Ref: AI023, 1870, Anne Pratt
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Antique illustration of Fruit first published circa 1870, republished 2017.
Types of fruit illustrated are:
1. Common or Red Currant
2. Tasteless Mountain Currant
3. Black Currant
4. Common Gooseberry
- Red Currant: Clusters drooping; bracts very small; leaves with five blunt lobes. Plant perennial. Several varieties of this plant are found apparently wild, in one of which the flowering clusters are erect, but the fruit is pendulous; and in another both flowers and fruit are upright; but in the ordinary form of the plant both flowers and fruit hang drooping from the bough. The shrub, though found growing without culture in many parts of this kingdom, especially in hedges near houses, is hardly to be considered truly wild, though some writers are of the opinion that this is a native fruit. ..The red currant, besides having many other uses, is of great value for jellies, and the white and red currant were formerly used in wine, when home-made wines were more general than they are now.'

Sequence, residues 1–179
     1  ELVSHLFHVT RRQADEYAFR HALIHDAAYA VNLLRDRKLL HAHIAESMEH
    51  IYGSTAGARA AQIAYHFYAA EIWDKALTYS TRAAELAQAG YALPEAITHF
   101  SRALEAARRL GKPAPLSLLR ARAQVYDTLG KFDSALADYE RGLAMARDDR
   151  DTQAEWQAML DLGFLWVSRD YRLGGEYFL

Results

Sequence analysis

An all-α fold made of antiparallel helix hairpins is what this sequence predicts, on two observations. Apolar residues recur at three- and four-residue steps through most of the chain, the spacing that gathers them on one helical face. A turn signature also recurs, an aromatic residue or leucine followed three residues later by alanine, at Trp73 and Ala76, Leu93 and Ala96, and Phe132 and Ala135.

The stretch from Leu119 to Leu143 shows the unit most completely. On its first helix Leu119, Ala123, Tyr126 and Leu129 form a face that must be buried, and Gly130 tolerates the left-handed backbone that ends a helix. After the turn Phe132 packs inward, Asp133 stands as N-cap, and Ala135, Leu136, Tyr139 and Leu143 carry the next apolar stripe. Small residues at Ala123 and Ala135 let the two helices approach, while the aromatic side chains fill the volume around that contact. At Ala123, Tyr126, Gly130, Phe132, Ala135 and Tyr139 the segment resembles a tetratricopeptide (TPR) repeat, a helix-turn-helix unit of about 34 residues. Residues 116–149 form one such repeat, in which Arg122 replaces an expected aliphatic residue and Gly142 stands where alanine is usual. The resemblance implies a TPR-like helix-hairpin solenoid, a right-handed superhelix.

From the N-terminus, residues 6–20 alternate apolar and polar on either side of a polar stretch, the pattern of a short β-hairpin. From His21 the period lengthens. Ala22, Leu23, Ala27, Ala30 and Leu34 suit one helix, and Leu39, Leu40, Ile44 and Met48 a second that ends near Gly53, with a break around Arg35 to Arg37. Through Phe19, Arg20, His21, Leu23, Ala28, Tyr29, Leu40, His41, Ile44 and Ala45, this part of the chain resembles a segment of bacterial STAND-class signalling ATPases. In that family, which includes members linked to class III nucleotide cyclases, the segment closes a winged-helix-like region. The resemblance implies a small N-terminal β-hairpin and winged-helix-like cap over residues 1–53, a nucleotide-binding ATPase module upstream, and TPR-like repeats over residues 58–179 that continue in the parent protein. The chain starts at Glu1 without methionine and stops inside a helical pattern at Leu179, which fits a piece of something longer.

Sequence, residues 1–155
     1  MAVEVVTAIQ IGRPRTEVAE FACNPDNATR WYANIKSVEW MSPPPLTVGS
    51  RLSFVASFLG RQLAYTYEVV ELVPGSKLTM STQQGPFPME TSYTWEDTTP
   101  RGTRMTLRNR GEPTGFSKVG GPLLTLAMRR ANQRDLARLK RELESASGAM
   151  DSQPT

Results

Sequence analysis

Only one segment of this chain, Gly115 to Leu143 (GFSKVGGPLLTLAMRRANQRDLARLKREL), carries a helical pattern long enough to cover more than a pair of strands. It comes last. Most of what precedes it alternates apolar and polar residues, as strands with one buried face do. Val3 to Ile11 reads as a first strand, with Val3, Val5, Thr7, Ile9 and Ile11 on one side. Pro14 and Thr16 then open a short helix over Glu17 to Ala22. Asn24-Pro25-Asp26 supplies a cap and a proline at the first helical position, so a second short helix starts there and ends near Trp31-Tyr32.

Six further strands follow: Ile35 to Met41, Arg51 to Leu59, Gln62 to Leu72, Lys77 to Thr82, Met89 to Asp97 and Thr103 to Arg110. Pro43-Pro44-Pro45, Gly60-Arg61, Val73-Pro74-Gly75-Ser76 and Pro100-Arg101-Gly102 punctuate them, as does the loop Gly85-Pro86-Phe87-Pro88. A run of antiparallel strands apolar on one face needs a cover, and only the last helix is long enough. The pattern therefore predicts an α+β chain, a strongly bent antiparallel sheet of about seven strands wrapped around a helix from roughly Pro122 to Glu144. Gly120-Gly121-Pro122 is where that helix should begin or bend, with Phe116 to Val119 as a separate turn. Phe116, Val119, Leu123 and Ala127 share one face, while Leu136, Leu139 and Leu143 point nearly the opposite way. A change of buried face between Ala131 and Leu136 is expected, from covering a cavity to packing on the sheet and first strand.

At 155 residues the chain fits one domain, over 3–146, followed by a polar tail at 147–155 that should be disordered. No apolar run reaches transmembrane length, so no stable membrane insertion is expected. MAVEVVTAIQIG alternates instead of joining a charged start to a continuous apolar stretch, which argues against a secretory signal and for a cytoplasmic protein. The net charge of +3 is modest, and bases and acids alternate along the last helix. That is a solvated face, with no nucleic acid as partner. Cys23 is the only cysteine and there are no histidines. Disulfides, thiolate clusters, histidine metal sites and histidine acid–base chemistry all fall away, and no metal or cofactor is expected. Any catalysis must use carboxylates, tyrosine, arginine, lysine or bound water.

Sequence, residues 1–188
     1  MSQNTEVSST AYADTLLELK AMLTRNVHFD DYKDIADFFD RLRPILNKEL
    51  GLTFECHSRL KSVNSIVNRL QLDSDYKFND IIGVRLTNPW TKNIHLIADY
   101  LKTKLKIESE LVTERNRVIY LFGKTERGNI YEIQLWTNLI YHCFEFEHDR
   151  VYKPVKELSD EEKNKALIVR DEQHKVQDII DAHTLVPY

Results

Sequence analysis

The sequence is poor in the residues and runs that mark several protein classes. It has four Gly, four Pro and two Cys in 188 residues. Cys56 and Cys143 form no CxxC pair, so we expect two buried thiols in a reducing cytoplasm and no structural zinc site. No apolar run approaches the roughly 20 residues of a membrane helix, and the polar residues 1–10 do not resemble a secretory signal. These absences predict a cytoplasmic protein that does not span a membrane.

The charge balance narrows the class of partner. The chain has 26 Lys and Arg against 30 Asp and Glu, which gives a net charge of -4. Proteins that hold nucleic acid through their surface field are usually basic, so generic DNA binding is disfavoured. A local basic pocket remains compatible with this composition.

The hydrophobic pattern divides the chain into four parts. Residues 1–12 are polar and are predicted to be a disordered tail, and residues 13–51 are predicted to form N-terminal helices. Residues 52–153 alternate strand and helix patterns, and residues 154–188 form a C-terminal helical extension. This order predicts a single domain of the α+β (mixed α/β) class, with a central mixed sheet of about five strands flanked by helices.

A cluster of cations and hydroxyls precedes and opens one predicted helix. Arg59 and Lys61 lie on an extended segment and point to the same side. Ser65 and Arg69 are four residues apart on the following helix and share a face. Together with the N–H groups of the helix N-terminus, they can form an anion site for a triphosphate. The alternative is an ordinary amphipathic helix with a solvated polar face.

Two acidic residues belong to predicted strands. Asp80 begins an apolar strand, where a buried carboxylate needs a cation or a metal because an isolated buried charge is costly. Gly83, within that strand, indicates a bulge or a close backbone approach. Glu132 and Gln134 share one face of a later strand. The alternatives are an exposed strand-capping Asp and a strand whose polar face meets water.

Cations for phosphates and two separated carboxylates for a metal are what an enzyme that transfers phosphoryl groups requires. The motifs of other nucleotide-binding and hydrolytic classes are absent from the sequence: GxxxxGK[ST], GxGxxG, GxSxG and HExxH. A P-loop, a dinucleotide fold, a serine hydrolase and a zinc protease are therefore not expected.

- Tasteless Mountain Currant - This currant grows in woods and hedges in the north of England, but is scarcely wild in Scotland. Both leaves and flowers are very small. The currants are red. It is flower in April and May.
Black Currant - Clusters loose, drooping, with a single stalked flower at the base of each.. This species is found in woods and river-sides in various places, and though probably not a native of Britain, the time of it's introduction is unknown. It is quite a distinct species, and has no tendency to produce varieties. In Kent it;s fruit is commonly called gazel; but Coles, writing in 1657, says the white currant was in Kent called Gozill. It is a very common plant in the woods of Russia and Siberia, where wine is made of berries only, or is fermented with honey, and sometimes with spiritous liquor.
Gooseberries - Gooseberries are of various colours - white, yellow, green, and red. Some of our richest flavoured fruits are of the yellow kind; the red gooseberries are usually more acid than the others, but there are many varieties in all the colour. We need not comment on their uses for tarts, puddings, and preserves. The fresh fruits are valuable additions to the desert, and a sparkiling wine of crystal clearness, known in country places as English Champagne, is made of the gooseberry.
- The Flowering Plants of Great Britain, Anne Pratt
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